Boeing: program charges right course to de-risk finances

Dennis Muilenburg

Dennis Muilenburg, CEO The Boeing Co.

July 27, 2016, © Leeham Co.: Boeing officials termed charges against the 787, 747-8 and KC-46A as the right course while reaffirming the underlying strength of the company.

CEO Dennis Muilenburg said the charge against the 787 was the right decision to reduce the financial risk going forward.

He also said the write down of the remaining deferred production costs of the 747 significantly de-risk the program. Boeing reaffirmed its belief in the future of the program, despite challenges with the cargo market.

Despite continued charges against the tanker, Boeing saw the first flight of the first production aircraft during the year.

Continued cargo weakness

Muilenburg said that the cargo market remains weak, with demand down 1% YTD. “This segment of the market remains challenging,” he said.

He said that overall demand is such that Boeing will produce more than 900 airplanes a year by the end of the decade.

For the full year, Boeing targets about 40 777 orders. There have been eight net orders.

Boeing sold out about 60% of the delivery slots in 2018 at the planned production rate of 5.5/mo, Muilenburg said. The slots remain at 80% sold out in 2017, which has held steady for about a year.

Boeing continues to plan for increased 737 production rates of 47/mo in 2017, 52/mo in 2018 and 57/mo in 2019. Despite the increased rates, Muilenburg said Boeing remains oversold.

Share buybacks

Greg Smith, CFO of The Boeing Co., said the company expects to complete $8.5bn in stock repurchases over the next two years. Boeing repurchased $6bn in shares YTD.

Smith said the company remains committed to returning money to shareholders and investing in new development and de-risking the company.

Q&A

Quotes may be paraphrased.

  • The accounting block for the 767 program has been extended, though Boeing didn’t say by how much. 787 deferred production is improving, with the 787-9 and 787-10 leading the way. “It’s all about cash,” said Smith. “The fundamentals of the 787 cash program remain intact.”
  • The rescheduling of supplier payment terms is back to the fundamentals of how Boeing manages its capital, Smith said. Payables have gone from daily to twice a month in keeping with industry standards. Boeing wants to get this to quartile payments, which Smith also labeled as industry standards. Muilenburg said this is not a one-time event, but part of a long-term plan.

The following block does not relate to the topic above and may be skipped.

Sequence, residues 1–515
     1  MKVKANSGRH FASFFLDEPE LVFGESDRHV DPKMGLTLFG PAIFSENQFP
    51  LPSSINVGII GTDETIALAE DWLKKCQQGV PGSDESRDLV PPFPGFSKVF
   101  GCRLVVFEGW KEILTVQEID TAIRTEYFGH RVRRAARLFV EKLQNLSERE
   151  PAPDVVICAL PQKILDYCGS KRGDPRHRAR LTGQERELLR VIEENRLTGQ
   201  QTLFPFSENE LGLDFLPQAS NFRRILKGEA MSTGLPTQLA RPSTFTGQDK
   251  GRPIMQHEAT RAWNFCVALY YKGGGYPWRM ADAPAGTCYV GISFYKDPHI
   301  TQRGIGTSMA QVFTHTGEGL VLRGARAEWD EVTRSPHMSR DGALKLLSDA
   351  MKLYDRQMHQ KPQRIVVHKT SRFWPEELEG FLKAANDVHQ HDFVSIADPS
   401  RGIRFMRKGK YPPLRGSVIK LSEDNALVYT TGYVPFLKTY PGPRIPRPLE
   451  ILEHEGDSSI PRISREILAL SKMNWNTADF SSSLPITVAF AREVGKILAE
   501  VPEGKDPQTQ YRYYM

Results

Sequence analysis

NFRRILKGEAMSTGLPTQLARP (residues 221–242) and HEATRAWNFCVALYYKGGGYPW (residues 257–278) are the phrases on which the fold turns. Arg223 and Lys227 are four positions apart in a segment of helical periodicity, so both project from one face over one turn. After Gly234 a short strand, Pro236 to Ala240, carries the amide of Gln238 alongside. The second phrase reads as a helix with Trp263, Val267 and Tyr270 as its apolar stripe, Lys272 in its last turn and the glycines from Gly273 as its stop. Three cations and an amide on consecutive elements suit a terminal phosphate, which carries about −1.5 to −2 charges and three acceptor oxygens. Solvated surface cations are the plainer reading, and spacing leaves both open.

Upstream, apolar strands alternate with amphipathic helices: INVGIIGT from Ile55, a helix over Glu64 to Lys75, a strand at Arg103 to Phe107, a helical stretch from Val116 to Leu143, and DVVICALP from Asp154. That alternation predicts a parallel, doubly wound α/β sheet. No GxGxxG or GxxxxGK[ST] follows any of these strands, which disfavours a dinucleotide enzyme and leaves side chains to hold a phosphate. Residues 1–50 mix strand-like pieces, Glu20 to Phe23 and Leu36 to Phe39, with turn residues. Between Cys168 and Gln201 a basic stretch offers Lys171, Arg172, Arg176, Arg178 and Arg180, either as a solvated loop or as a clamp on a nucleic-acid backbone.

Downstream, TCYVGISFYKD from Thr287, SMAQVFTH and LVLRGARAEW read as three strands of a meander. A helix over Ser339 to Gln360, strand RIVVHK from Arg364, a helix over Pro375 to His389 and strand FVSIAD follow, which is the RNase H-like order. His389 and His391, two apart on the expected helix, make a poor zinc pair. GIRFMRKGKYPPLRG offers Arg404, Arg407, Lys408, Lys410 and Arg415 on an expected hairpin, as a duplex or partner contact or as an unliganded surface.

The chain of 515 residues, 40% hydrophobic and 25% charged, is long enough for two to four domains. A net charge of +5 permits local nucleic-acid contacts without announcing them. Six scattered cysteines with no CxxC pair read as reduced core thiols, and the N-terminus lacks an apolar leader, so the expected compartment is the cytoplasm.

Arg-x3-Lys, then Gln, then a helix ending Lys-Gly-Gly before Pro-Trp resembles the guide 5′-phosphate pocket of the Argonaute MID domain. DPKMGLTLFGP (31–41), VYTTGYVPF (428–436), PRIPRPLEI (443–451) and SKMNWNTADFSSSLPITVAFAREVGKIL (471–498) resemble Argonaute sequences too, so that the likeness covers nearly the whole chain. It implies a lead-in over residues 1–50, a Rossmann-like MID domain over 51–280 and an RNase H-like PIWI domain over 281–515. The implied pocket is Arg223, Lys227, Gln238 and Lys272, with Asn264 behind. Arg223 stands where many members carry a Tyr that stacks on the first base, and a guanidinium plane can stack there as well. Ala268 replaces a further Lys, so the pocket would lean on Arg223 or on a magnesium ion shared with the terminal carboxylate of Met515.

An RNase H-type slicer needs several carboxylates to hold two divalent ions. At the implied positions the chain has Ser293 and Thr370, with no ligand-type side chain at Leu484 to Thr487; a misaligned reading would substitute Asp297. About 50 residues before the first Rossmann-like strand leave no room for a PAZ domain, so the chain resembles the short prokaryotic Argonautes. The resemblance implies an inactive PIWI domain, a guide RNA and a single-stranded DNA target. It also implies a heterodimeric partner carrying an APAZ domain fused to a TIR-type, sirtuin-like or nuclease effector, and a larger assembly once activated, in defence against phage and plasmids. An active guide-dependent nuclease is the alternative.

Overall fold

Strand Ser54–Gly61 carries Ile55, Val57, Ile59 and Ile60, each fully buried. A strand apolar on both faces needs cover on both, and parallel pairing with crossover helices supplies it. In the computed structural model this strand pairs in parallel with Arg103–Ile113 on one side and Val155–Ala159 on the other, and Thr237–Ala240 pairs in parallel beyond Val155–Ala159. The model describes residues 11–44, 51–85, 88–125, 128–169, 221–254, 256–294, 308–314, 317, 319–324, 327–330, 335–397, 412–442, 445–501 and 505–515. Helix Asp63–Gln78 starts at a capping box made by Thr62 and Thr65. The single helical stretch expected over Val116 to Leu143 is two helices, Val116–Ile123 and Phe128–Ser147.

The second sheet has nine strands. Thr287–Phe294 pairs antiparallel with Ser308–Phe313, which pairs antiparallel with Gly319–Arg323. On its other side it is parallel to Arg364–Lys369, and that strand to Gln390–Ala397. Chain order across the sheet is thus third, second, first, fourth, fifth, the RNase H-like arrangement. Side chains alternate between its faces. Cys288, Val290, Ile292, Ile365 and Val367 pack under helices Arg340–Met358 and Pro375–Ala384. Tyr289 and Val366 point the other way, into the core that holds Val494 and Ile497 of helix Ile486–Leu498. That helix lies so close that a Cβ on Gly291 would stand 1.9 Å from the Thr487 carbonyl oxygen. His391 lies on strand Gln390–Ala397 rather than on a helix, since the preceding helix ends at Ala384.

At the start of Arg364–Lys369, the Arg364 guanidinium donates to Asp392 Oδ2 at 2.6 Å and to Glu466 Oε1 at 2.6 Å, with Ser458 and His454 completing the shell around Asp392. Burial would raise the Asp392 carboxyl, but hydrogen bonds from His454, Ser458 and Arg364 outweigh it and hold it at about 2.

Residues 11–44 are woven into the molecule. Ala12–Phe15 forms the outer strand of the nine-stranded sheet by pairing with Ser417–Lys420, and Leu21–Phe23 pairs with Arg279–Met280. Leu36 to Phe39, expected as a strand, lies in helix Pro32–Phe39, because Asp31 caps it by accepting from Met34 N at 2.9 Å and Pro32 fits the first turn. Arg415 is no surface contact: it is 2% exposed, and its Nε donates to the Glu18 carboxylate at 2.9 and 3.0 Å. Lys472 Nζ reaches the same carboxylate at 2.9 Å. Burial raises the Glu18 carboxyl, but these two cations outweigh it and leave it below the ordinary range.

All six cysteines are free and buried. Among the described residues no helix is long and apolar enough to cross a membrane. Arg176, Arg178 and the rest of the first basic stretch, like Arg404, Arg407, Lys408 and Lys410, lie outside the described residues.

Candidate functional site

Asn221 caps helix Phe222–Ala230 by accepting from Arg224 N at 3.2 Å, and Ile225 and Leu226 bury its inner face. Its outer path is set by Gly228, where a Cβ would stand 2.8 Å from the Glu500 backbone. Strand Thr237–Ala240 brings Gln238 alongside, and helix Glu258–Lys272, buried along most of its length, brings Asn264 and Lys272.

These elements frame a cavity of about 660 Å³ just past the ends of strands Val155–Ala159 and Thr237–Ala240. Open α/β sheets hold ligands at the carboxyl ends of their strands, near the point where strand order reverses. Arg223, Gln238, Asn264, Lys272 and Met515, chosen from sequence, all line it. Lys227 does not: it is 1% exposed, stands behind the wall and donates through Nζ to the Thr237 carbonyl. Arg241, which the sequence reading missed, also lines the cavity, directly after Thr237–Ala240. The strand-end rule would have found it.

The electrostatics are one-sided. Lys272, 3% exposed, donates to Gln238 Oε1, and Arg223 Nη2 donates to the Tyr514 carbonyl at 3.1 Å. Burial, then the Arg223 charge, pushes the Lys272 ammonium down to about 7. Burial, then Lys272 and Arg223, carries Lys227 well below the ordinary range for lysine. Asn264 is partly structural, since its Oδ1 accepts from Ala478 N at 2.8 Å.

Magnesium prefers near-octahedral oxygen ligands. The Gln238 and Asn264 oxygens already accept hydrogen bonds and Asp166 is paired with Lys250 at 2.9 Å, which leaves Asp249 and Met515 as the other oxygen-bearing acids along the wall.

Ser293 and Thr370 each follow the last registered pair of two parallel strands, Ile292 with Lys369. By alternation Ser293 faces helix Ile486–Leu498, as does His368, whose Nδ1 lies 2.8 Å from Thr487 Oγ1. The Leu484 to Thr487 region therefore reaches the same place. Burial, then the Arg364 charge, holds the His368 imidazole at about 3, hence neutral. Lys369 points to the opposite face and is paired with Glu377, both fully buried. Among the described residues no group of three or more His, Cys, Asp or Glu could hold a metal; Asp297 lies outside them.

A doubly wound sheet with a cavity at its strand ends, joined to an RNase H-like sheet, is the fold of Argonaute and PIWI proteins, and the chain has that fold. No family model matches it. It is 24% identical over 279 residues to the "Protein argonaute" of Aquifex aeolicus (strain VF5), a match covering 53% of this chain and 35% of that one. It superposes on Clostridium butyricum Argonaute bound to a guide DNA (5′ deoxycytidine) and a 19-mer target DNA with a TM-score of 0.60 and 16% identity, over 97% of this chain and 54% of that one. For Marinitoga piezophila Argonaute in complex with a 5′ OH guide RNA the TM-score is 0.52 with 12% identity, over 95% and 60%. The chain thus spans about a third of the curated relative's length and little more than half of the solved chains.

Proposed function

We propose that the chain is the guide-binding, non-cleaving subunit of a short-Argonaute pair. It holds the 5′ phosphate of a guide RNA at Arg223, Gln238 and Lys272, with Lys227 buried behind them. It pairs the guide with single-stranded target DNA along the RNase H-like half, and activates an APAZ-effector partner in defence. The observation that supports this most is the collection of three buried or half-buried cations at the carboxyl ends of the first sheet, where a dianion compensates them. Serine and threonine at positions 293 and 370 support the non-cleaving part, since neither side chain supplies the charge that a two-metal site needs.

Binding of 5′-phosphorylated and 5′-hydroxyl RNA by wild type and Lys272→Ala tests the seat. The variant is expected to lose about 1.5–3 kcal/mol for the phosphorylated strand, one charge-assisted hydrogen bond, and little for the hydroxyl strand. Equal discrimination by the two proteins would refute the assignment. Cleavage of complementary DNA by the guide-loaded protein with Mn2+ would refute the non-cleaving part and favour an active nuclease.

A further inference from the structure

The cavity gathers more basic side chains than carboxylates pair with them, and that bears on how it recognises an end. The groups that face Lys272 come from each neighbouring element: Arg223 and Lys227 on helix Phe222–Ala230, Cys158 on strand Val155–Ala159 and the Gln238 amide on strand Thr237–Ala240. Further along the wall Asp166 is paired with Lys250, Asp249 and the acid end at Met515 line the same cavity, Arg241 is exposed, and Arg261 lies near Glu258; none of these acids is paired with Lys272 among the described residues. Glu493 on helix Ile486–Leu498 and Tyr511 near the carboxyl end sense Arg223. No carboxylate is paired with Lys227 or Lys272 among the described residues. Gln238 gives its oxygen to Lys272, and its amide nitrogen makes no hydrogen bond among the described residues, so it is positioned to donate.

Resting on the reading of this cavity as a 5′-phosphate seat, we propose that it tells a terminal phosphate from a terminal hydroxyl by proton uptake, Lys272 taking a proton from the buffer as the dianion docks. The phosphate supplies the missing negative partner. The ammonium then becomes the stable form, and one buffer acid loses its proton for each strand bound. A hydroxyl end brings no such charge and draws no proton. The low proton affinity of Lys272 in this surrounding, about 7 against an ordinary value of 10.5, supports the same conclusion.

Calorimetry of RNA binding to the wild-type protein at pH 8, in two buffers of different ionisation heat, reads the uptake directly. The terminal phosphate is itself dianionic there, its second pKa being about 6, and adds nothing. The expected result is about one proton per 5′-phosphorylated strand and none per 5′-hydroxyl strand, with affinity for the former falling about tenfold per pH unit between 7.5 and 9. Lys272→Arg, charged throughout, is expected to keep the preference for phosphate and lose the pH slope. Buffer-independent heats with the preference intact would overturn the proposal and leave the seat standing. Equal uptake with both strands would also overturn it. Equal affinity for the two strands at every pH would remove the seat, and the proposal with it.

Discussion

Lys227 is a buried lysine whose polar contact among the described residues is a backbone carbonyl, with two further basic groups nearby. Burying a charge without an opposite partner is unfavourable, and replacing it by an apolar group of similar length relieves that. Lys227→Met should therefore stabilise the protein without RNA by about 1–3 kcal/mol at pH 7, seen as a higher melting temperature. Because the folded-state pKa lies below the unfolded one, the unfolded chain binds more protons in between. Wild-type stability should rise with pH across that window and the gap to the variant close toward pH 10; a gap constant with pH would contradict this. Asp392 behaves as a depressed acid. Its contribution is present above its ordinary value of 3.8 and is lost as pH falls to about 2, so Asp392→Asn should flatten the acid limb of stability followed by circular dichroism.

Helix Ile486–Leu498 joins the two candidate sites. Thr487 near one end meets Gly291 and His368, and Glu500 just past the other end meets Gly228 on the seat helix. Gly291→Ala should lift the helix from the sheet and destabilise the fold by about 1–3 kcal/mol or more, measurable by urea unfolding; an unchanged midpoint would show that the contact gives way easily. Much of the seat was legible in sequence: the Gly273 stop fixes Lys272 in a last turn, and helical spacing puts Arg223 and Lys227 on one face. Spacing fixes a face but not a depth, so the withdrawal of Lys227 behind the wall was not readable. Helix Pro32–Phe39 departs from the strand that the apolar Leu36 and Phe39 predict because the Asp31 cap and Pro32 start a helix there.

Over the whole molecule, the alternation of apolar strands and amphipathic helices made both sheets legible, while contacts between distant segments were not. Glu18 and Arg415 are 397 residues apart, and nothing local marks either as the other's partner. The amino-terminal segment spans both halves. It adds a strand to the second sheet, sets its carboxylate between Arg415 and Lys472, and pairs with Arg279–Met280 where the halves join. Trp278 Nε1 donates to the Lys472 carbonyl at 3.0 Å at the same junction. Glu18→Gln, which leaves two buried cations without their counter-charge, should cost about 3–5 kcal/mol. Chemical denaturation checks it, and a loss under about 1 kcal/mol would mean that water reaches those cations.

• There are now 60 airlines for 2,200 aircraft enrolled in services agreements. This is a long-term growth in the services business.
  • On 777, we understand the reality of where we’re at. The fact is YTD we have net orders for eight 777s against a target for 40. The wide-body market is clearly a challenging place right now. In case orders don’t materialize, we’re going to keep supply and demand in balance. Regardless of how the scenario plays out on 777, we will still be producing over 900 airplanes by the end of the decade. In the long-term, the wide-body demand is still attractive. In the 2020 decade, there will be a large demand for replacement aircraft.
  • Muilenburg said BCA margin goals remain toward double digit next year. There is still work to make that sustainable. Toward the end of the decade, the goal remains at mid-teen. Improving productivity and cutting costs, block extensions on programs are accretive to margins as well. We still have a lot of work to do across the supply chain. We will be relentless there as well. Smith added that we’re looking at market-based across the board, internally and externally. The majority of this is outside the company. “This is a clear and enduring focus for us,” Muilenburg said. “We’ll match production to demand” for the 777, said Smith.